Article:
Many new artists have simultaneously invoked and challenged art history, rejecting the heroic stature of the singular work of art and the single (usually white male) artist and invoking the ubiquity of mechanically produced reproductions by employing sophisticated "quotations" or "appropriations" from prior works. This can be found, for example, in Cindy Sherman's photographic recreations of paintings, in the multiple quotations of historic images of David Salle's paintings, in the postmodern takes on Barnett Newman by Philip Taaffe and on Manet by Yasumasa Morimura, and in the nearly identical representations of famous images such as Picasso's icon of modernism Les Demoiselles d'Avignon by Mike Bidlo.
Also widespread among contemporary artists has been a repudiation of the idea that underlies most works of pure abstraction—that the work of art is a self-sufficient entity. Rejecting the exclusively self-referential images of abstraction and the constricted commercialism of the art world (yet often embracing the wider commercialism of a consumer society), the new art has sometimes manifested a marked if somewhat detached social consciousness, often expressed in issue-driven minority, gay (frequently AIDS-related), and feminist imagery. By and large, the inroads achieved by feminism in the 1970s have been reflected in later decades not so much by the insistently female, body-derived 1970s imagery of Judy Chicago or Miriam Schapiro as by the full participation in the once mainly male-dominated art world of such varied artists as Jenny Holzer, Cindy Sherman, Barbara Kruger, Jennifer Bartlett, Elizabeth Murray, Judy Pfaff, Sherrie Levine, Barbara Bloom, Katharina Fritsch, and others.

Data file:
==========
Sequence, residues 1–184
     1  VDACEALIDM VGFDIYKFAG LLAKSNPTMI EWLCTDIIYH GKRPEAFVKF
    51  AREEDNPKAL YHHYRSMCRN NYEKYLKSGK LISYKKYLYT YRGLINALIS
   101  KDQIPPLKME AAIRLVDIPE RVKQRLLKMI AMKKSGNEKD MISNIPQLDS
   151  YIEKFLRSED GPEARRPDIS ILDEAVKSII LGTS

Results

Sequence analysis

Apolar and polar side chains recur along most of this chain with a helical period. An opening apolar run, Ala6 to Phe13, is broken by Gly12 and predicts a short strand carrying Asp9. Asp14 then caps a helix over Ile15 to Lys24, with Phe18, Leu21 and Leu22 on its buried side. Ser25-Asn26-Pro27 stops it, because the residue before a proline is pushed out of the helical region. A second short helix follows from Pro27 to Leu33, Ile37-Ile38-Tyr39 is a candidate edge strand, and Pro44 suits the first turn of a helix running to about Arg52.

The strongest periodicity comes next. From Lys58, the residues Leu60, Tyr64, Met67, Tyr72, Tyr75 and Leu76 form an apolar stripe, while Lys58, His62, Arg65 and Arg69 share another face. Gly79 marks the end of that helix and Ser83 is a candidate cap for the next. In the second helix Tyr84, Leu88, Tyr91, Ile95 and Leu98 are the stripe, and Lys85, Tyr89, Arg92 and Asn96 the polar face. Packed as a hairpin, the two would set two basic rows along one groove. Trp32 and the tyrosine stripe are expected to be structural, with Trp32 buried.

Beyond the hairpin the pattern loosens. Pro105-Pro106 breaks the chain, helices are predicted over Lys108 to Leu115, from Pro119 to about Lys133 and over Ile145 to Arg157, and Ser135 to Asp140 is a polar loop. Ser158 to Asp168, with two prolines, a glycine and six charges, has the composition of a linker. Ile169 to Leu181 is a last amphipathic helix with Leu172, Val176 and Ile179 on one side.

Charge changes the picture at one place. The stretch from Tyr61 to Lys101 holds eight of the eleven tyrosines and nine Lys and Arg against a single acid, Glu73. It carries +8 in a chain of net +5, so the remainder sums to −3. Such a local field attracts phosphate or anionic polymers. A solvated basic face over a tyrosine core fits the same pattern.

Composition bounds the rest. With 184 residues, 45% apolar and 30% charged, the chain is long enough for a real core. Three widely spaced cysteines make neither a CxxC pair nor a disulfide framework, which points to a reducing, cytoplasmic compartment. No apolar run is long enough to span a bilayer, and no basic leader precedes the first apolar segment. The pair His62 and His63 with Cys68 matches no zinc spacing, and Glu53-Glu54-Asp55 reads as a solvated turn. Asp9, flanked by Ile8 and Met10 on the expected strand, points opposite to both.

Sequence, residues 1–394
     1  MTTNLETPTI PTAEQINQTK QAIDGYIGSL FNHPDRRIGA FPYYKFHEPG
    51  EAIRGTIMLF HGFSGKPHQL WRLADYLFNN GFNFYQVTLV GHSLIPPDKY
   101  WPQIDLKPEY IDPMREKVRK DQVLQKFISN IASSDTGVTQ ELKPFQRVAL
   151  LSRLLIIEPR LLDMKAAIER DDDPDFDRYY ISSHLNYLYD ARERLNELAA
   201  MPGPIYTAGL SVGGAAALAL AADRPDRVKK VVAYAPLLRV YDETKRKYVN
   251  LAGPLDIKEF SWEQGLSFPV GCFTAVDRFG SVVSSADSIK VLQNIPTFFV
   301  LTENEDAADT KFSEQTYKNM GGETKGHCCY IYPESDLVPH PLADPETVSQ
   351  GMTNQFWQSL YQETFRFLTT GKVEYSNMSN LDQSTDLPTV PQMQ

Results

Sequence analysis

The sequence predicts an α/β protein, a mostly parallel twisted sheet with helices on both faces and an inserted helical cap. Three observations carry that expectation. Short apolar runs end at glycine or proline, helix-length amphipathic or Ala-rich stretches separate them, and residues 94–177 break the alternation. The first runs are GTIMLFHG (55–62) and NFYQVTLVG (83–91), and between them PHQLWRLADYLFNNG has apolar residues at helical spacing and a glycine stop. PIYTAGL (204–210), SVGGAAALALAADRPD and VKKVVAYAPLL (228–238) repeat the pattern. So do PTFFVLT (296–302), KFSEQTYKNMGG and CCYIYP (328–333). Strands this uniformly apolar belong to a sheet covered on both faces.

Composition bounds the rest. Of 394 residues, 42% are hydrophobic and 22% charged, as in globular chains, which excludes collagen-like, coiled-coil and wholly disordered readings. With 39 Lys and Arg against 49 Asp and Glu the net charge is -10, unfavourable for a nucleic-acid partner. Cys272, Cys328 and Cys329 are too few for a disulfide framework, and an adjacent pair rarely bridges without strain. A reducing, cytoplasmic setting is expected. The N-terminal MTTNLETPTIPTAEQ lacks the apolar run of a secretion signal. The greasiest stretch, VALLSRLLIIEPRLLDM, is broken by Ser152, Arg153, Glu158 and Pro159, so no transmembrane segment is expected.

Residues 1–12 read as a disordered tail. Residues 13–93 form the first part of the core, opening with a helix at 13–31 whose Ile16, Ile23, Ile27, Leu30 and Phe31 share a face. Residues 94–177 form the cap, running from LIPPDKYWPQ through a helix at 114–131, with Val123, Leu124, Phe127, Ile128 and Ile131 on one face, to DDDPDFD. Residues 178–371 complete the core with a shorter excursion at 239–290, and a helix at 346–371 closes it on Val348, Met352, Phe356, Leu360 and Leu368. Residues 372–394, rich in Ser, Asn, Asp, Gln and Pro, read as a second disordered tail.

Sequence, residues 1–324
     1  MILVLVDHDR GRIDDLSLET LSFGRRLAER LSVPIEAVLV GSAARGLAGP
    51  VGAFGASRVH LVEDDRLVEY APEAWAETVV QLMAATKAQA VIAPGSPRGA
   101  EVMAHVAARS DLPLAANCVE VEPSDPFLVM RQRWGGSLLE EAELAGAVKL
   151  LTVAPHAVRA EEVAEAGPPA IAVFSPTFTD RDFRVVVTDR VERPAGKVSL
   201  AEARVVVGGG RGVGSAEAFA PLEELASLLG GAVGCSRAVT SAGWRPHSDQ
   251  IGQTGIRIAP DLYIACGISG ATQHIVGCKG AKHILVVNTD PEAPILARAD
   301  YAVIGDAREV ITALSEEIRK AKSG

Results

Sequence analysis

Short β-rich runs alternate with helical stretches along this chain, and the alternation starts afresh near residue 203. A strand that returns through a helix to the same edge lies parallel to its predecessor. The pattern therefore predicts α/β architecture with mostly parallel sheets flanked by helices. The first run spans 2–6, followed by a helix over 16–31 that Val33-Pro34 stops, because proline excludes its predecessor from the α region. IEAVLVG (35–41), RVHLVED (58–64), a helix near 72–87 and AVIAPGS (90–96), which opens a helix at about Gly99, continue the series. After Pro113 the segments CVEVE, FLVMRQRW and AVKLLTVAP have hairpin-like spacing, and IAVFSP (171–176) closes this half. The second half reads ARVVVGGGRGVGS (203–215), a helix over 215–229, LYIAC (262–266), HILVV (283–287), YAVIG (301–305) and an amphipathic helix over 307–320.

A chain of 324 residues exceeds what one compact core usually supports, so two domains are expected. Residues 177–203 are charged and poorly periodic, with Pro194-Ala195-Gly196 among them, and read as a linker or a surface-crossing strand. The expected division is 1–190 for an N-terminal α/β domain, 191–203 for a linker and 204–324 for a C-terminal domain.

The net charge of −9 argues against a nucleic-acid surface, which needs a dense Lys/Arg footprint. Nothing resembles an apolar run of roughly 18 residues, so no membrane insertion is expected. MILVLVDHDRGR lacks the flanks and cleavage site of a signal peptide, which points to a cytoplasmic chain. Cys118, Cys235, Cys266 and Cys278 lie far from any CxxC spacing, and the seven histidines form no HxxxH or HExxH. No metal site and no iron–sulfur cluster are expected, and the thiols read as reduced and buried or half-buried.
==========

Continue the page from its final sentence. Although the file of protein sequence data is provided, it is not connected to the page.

Arising from the multimedia experiments of the 1970s, the widespread use of a variety of technology-based media has persisted into the art of the new century. Often included are elements of film, video, sound, performance (see performance art), and architecture (principally in installation art). Another trend that has widened the definition and scope of contemporary art has been the conceptually driven use of both photography and language as the substance of numerous works of art—in Kiefer's photographic collages, in Kruger's words and photographic images, in Bruce Nauman's neon phrases, in Lawrence Weiner's painted words, in Holzer's billboarded, carved, electronically reproduced, or otherwise created linguistic neotruisms, and in many other artists' works. Another contemporary art movement, digital art, was pioneered in the 1970s but did not become prevalent until the beginning of the 21st cent. Digital artists make use of sophisticated computers, software, and video equipment to create an extremely varied body of works.